2007 Toyota Camry SE

2007 Toyota Camry SE 2007 Toyota Camry SE
Road Test

There was this famous masochist, the joke goes, who liked nothing better than to take a cold shower on a freezing winter morning. So he took a warm one instead.

Get it? Well, we're not into deferred gratification to nearly the same extent as that fellow, so Toyota's much-anticipated sixth-generation Camry seems a peculiar paradox in our book. On the one hand, the '07 Camry is Toyota's usual blend of careful engineering, scrupulous development, and meticulous assembly. On the one hand, the '07 Camry SE model -- in both 2.4-liter four-cylinder and 3.5-liter V-6 versions -- has been deliberately defined in this latest generation as something sportier than the rest of the Camry range. On the other, the company's obsession with safety has negated all that.

The SE's chassis benefits from unique sport tuning, with 15-percent-higher spring rates, special shocks that offer up to 50-percent-firmer damping at low piston speeds, a stiffer front anti-roll bar, and stiffer bushings on the rear suspension arms. In addition, there are body reinforcements not seen on lesser Camrys, including an underfloor brace, a V-brace behind the rear seatback (precluding the folding rear seats available in other Camrys), and thicker body-side brackets.

Cosmetically, the SE models can be recognized by their unique grille and headlamps, front and rear fascias, rocker panels, and 17-inch alloy wheels with 55-series summer tires. There is even a specific aerodynamic package for the SE, with an underengine panel plus rear-floor and fuel-tank covers that have longitudinal fins like you see on race-car underbody diffusers.

So, the SE trim level is clearly a big deal on a model that has a reputation as America's bestselling family runabout. But here's the tantalizing paradox: You can't get at the real fun. The car's stability-and-traction-control system steps in at the slightest hint of tire scrub and slows everything down. It won't tolerate an aggressive launch, and if you snap-shift the car into second gear and cop a tiny chirp of wheelspin, it slaps your wrist with a half-second of nothing. And it can't be switched off.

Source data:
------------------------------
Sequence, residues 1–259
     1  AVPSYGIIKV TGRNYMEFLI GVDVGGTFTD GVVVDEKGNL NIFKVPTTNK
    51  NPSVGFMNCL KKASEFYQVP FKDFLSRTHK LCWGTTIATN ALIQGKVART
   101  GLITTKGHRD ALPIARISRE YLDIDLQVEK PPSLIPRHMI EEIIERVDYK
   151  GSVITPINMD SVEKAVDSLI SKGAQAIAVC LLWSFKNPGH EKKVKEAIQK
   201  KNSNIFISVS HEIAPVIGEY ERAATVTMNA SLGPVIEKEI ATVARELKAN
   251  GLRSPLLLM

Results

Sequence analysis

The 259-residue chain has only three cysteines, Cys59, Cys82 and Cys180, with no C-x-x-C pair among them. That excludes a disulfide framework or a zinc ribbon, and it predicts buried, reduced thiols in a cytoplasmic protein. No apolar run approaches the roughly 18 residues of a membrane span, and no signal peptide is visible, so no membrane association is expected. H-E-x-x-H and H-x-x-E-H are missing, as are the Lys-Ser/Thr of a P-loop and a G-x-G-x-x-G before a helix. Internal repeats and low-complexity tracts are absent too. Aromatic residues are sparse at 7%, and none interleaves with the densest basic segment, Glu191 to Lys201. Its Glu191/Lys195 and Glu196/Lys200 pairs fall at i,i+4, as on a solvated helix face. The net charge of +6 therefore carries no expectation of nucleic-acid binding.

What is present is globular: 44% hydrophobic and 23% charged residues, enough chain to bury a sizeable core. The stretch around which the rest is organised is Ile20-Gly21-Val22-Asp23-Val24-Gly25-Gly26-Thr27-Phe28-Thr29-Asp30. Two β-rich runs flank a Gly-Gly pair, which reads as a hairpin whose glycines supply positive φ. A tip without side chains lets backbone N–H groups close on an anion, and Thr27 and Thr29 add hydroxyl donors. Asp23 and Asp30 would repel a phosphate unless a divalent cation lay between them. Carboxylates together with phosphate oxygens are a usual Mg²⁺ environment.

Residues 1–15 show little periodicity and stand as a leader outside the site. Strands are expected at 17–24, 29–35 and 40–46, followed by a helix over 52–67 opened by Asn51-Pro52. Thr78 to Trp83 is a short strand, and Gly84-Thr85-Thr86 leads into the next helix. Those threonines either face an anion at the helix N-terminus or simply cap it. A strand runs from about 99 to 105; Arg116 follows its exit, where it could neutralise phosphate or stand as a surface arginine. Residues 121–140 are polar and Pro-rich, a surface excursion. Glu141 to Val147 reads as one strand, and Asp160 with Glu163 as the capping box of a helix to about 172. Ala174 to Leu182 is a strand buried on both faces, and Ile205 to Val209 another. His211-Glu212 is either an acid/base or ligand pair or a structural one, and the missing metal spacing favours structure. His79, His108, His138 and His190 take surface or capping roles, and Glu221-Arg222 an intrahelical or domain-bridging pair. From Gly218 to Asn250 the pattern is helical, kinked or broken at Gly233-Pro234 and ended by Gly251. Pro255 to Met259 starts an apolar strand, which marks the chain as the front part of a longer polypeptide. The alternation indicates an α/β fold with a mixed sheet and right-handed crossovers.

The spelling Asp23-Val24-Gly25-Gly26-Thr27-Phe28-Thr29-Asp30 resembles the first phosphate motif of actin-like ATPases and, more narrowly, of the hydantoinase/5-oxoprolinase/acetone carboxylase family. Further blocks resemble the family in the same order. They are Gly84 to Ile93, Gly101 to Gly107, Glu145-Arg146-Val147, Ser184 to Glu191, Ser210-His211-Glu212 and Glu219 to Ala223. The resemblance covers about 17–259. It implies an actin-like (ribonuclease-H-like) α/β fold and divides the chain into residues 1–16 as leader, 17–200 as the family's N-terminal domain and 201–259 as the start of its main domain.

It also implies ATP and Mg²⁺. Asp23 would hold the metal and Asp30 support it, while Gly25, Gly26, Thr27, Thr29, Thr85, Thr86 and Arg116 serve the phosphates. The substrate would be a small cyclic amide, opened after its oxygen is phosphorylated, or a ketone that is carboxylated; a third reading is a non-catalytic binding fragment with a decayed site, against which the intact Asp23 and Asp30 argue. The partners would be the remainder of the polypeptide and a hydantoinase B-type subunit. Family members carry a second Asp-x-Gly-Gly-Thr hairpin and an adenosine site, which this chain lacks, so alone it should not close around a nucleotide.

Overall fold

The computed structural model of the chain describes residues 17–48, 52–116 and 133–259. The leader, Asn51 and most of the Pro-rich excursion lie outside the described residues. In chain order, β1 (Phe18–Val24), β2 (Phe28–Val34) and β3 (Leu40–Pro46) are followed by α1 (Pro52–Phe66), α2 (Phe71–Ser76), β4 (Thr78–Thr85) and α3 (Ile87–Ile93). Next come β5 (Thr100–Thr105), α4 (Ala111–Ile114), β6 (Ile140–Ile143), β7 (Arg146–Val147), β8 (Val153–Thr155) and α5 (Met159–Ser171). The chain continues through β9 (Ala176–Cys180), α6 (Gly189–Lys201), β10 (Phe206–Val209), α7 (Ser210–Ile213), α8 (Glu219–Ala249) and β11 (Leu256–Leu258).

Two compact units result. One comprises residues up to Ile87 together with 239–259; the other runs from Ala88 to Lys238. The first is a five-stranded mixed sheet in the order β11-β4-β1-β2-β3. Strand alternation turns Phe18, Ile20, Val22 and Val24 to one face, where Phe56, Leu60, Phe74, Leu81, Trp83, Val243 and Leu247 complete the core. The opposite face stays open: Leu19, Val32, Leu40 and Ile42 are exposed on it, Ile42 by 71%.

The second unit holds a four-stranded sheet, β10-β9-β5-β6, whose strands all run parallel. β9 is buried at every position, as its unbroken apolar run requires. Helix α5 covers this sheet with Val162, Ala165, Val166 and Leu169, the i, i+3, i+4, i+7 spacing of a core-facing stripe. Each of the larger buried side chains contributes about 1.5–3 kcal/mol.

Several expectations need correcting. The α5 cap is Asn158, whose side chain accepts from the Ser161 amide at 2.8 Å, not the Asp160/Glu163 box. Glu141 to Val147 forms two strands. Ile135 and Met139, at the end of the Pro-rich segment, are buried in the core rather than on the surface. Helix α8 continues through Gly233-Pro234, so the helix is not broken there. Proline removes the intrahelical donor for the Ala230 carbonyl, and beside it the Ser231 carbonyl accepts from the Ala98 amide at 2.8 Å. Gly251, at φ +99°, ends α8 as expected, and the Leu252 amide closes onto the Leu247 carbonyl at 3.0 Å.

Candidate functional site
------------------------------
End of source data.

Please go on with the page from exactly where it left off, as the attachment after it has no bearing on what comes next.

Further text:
Oh, all those fine suspension tweaks work great in the hills. The grip is pretty good at 0.82 g on the skidpad -- where you ride the razor's edge between slip angles to stop Mr. Party Pooper from slowing you down -- and the firm chassis discipline controls ride motions admirably. But again, the car's new athletic allure teases the driver with responsive steering, resolute roll control, and easily read contact patches without really allowing him to exploit the car as far as he might.

Okay, most people do not slide their cars around on the road. In fact, most drivers probably use no more than about 0.40 g of lateral acceleration even when they think they're really moving along. And Toyota clearly feels that safety is its paramount concern. Saving lives first, satisfying the thrill seekers next -- that's not a priority you can really argue with.

Besides, this is a mainstream front-drive, mid-size sedan, even if Toyota says it is trying to get away from the staid and predictable reputation that the Camry has garnered along with its 400,000 annual sales. In surveys, Toyota has discovered that dull styling is the chief reason car shoppers turned down the Camry. Clearly, then, as long as one doesn't stray beyond the realm of acceptability for the hordes of buyers who did get a Camry, that's an invitation to sharpen this puppy's appearance.

We think the volumes, curves, and contours of this new Camry lend more elegance to its overall appearance, but as usual, that's only part of the story. The car's wheelbase -- at 109.3 inches -- is more than two inches longer, although the car's overall length is unchanged, and its track has been increased by more than an inch. Crash performance has been improved by adding ultra-high-strength steel (which has to be hot-stamped) to the roof and front and center pillar-and-rocker structures and by designing front-seat mounting structures that transfer side-impact loads across the car.

The chassis's lower control arms have been lengthened and all geometries recalibrated. The rear brakes are bigger, new pads have been adopted, and brake assist is standard across the line. The engine in our 2.4-liter test car is essentially carried over, but there have been revisions here, too, notably to improve refinement. Although the 2AZ-FE engine already has dual counterrotating balance shafts to quell an inline four-cylinder engine's inherent secondary vibrations, the new version features a revised engine block that has been reinforced for improved strength and quietness.